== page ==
Steinhagen pounds one of the trees. Plop! Plop! Plop! Two or so inches long, striped orange and purple unlikely enough, these little guys sport long rows of wiggly legs and two pincers at what we guess is the head. Nhiao points to the pincers, then spreads his calloused hands around his leg: make you swell up. Steinhagen nudges one of the plump, coiled sausages with the toe of his boot; in a wink, it uncoils and strikes with the pincers. Aggressive little buggers! He looks up at me. A magical moment.
A smile of ineffable and beatific satisfaction spreads slowly across Steinhagen's sweat-caked face. I feel the salt and filth dried on my own features crack as they mirror that unashamed, imbecile grin. Greunwald! Greunwald must atone with the forces of the earth. Greunwald must placate the nature he has presumed to reorder. Greunwald, who would spurn the insistency of the real--of the irretrievably real--and hurl feeble human beings against actuality, must pay! Death in combat is not inevitable. Boredom, brutality, shame, imbecility, fatigue, banality are ! Greunwald, who will not respect degree, the delicate equilibrium between men and risk, must expiate! Greunwald, who wants to be of the fight but not in the fight, must redeem his insolence. Greunwald! The montagnard cannot fathom why the discovery of this annoying little beast should so tickle the two big dumb bou mis.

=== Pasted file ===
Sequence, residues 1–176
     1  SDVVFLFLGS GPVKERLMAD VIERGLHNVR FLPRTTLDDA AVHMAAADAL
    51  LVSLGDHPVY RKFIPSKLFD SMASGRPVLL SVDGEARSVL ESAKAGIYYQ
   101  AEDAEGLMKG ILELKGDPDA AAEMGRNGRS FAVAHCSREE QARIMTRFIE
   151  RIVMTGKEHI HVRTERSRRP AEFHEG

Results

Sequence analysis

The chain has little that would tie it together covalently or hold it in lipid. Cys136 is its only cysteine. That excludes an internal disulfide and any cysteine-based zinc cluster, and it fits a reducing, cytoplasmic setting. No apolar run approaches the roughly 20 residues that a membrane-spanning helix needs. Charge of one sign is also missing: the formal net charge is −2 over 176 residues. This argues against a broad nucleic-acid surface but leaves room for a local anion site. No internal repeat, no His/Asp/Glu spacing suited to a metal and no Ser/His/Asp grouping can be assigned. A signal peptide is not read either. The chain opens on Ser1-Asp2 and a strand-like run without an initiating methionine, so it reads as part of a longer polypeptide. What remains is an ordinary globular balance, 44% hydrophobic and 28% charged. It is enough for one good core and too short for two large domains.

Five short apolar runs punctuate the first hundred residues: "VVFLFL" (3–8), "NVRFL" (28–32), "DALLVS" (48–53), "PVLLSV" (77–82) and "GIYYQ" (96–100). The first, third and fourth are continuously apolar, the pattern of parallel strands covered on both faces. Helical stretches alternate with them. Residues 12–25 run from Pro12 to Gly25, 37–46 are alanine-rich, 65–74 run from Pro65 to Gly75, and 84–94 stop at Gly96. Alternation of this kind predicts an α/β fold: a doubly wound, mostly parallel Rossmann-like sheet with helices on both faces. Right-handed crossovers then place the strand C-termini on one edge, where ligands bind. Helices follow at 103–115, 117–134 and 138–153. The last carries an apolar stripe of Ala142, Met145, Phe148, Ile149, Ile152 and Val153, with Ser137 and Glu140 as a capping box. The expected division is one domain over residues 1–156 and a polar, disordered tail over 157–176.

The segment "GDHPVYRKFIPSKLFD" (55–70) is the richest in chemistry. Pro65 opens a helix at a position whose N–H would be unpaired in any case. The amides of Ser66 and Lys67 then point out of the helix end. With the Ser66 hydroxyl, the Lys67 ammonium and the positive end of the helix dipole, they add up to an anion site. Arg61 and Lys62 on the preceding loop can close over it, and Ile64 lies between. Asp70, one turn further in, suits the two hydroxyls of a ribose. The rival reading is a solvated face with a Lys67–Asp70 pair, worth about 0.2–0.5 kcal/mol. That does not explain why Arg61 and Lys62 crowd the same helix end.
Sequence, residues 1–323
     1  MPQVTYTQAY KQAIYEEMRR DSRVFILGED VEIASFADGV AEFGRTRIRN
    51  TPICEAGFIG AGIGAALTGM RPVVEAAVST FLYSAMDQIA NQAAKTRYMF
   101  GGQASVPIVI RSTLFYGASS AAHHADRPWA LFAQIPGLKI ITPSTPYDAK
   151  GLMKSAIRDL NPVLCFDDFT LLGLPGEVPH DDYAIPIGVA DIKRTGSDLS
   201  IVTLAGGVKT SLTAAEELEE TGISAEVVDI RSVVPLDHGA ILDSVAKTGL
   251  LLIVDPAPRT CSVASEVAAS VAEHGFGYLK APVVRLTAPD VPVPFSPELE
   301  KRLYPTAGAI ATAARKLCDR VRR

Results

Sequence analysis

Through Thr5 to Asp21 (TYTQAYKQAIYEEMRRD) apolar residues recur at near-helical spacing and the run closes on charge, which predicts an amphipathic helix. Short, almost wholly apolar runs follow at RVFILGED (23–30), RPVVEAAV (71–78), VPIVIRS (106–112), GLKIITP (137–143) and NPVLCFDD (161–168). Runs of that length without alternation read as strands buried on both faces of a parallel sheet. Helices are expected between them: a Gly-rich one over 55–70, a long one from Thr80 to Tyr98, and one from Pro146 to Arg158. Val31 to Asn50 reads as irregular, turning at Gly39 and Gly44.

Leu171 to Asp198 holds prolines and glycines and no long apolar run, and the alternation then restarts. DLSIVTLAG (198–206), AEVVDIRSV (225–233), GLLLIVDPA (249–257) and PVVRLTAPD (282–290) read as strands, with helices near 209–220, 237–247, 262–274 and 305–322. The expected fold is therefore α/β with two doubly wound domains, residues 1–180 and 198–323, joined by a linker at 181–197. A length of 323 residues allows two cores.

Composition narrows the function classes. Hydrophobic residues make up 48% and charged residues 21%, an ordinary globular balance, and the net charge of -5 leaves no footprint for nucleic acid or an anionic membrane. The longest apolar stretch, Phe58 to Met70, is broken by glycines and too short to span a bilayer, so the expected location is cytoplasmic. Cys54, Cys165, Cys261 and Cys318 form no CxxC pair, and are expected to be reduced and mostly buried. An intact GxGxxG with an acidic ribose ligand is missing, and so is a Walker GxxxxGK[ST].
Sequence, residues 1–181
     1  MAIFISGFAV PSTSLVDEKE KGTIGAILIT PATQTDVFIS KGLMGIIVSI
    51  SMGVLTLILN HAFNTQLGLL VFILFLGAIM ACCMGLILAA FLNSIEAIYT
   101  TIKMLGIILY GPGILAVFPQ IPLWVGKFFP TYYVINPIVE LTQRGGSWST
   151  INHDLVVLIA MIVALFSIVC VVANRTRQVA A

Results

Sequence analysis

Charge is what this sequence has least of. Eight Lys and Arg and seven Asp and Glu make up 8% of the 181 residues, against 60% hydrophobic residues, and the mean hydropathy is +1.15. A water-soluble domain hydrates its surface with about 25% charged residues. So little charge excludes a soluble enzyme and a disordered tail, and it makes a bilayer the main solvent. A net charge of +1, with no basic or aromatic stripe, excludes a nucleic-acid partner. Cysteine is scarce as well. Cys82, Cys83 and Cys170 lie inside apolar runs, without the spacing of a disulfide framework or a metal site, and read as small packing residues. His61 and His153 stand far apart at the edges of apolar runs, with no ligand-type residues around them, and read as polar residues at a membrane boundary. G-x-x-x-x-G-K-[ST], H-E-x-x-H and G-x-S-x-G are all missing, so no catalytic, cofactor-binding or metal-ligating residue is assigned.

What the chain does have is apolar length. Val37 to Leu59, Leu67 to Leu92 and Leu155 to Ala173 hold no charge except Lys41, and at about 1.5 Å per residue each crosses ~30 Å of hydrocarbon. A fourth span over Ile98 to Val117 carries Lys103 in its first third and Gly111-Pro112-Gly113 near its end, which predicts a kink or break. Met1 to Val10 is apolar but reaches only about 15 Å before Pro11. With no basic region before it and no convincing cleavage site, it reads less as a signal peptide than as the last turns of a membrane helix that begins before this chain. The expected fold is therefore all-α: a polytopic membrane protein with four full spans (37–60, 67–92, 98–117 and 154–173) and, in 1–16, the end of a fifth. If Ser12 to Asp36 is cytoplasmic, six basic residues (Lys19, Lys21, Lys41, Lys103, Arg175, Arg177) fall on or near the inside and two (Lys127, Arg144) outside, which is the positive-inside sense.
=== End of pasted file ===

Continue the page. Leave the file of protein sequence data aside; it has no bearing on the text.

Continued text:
Chainsaw! Gloves! To work! Gingerly we line the bunker with sections of trunk from these trees, being oh-so-careful not to dislodge any brak drahak in the process. We lay longer lengths of the stuff across the top of the hole, then pile and pack the dirt from the hole over them, leaving a small opening to squeeze through. Steinhagen cuts off the sputtering chainsaw just as darkness settles over the arena of this night's activity, and we offer our creation up for Greunwald's inspection with justifiable pride. Greunwald harumphs a grudging "Well done," and stalks off up the trail. He has "other things to do."